New law requires children to be in safety car seats longer

Updated: Aug. 1, 2019 at 5:54 PM CDT
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NEW ORLEANS, La. (WVUE) - Stricter car seat laws are taking effect and state police say it's all in an effort to curb preventable injuries or even deaths.

State law now requires children to remain in their safety seats longer.

“It’s a great day today because now we have a new law that matches best practice,” Bridget Gardner, Trauma and Injury Prevention Coordinator at UMC said.

"Well they know that it's safer to keep them rear-facing as long as as possible. So I think parents should follow those laws," one parent said.

Those under the age of two now need to be restrained in a rear-facing child seat until they reach the weight and height limit of the seat.

“We’re going to keep children rear-faced a little bit longer because we know that rear-facing, the shell of the seat actually cradles the head and spine,” said Gardner. “What we’re worried about is head and spinal cord injuries because those have lifetime consequences.”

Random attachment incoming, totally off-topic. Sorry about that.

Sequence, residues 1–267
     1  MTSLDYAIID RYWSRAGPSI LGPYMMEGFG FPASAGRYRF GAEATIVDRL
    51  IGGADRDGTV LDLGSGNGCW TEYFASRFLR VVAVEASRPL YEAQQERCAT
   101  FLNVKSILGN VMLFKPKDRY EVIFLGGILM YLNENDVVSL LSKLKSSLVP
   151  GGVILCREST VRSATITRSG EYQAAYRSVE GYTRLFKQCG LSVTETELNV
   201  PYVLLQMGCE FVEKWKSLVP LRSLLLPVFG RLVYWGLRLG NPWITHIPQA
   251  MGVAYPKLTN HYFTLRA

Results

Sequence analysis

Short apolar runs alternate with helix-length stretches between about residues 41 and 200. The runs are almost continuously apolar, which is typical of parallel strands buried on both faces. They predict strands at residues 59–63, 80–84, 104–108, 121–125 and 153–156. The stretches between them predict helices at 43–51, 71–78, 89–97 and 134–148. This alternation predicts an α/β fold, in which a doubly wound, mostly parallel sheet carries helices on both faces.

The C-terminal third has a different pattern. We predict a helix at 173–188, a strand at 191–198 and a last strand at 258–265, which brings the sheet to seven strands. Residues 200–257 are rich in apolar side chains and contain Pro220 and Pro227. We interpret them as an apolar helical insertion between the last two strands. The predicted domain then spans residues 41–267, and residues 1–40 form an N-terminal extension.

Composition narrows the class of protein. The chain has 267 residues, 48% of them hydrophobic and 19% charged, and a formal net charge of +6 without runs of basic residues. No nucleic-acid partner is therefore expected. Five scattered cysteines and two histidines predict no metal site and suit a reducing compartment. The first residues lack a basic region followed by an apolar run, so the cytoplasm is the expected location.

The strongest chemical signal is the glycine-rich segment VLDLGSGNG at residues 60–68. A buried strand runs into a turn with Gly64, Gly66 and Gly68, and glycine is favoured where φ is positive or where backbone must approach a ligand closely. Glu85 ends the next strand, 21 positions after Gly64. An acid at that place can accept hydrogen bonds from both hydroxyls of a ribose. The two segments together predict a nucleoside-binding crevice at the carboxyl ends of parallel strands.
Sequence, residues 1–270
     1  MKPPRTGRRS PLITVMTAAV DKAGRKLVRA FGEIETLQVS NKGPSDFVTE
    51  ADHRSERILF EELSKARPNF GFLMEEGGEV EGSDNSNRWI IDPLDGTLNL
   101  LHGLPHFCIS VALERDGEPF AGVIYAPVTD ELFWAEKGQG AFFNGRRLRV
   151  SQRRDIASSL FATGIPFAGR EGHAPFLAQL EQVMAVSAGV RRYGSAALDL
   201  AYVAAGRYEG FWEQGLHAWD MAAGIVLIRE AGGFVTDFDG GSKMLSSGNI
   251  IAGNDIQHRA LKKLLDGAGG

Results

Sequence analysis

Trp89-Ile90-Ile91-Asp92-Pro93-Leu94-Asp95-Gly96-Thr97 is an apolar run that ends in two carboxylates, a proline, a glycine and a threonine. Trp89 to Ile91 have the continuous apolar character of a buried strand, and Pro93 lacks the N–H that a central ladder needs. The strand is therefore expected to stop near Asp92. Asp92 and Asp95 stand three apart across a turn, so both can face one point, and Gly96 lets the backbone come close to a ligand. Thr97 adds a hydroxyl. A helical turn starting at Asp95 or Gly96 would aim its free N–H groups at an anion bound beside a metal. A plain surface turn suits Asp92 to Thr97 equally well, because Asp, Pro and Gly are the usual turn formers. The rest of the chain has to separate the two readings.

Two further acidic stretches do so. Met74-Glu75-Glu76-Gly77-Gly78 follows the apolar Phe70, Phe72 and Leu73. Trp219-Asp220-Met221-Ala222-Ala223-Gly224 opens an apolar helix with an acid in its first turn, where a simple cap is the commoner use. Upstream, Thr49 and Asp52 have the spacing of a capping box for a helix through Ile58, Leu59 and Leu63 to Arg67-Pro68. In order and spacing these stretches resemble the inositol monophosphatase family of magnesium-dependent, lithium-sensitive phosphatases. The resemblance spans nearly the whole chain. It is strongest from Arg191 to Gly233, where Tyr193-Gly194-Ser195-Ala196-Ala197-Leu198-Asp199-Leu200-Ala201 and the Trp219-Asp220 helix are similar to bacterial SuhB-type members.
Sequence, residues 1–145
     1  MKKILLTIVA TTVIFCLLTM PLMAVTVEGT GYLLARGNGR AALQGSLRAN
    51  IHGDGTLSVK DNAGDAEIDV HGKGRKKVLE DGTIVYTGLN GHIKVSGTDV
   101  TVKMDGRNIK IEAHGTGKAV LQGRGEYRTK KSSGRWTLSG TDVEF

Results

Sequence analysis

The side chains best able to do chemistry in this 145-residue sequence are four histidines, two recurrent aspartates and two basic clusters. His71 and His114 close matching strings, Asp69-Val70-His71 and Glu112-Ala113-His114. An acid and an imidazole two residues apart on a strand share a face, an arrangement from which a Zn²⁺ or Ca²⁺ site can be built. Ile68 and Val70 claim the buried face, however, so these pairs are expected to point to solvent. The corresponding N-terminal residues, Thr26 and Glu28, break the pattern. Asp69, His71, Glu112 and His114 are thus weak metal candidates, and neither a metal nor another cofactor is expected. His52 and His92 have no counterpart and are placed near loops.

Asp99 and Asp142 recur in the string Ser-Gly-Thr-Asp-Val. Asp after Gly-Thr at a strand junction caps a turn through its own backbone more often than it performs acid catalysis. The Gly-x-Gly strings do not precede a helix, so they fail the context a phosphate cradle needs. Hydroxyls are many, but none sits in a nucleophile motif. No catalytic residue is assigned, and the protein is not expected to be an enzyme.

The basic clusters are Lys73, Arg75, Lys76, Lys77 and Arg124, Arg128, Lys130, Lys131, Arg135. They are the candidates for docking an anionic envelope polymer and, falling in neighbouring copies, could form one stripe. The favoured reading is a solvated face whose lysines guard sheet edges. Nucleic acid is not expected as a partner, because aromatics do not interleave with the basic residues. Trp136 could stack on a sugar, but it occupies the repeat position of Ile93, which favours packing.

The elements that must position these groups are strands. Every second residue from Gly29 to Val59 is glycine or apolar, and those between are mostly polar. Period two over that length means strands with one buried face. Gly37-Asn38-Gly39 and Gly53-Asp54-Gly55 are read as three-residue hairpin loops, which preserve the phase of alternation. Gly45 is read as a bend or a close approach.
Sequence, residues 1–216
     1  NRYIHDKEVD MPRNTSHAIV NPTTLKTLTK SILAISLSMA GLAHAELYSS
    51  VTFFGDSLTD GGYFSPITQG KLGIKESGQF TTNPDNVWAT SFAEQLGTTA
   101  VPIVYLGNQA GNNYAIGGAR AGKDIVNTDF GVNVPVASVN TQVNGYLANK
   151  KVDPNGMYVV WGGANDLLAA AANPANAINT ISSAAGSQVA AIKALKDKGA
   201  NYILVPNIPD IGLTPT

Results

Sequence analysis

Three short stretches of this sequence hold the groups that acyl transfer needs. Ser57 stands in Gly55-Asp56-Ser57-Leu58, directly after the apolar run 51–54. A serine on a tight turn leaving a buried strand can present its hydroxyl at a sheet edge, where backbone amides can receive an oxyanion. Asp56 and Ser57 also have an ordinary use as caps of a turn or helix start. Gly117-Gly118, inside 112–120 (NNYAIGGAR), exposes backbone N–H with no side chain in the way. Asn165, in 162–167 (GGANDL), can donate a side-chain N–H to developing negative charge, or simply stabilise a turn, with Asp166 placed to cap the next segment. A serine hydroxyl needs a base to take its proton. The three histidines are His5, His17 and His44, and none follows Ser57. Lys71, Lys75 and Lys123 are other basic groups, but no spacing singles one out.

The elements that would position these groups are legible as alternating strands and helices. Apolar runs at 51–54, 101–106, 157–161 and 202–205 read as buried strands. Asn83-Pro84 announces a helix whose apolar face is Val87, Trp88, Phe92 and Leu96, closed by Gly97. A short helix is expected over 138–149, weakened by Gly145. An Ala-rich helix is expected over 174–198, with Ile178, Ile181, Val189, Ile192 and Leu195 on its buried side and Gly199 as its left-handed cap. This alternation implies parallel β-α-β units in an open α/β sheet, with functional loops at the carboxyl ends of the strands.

Children can transition into booster seats once they outgrow the seat, and if they are at least four-years-old.

"When they outgrow the booster seat, there's a five step test that a child will have to pass before they're able to actually sit in the seatbelt," State Trooper Monroe Dillon said.

“The child must be able to sit all the way back against the seat with feet flat on the floor, the knees must bend over the seat and the shoulder strap needs to fit across the chest while the lap belt fits against the hips,” Dillon said.

"A lot of times we see that strap that's against the neck of the child, and the first thing the child wants to do is bring it around their neck, and now we lost a protection," Dillon said.

According to the law, children under the age of 13 can not ride in the front.

"At 13-years-old, you are allowed to sit in the front seat, but we still want that seat to be a little further back from that airbag because there are injuries that can be sustained from that airbag, and we see it a lot," Dillon said.

Some parents say they agree with the stricter car seat law.

“I think parents should be keeping their children in car seats. The last thing you want to see is a kid flying out the windshield. It just really bothers me when I see children five or six sitting in the front seat. I think it’s terrible. It’s child endangerment when they do that,” a parent said.

Those not sure about the new regulations can visit State Police Troop B in Kenner every Wednesday afternoon for questions about car seats.

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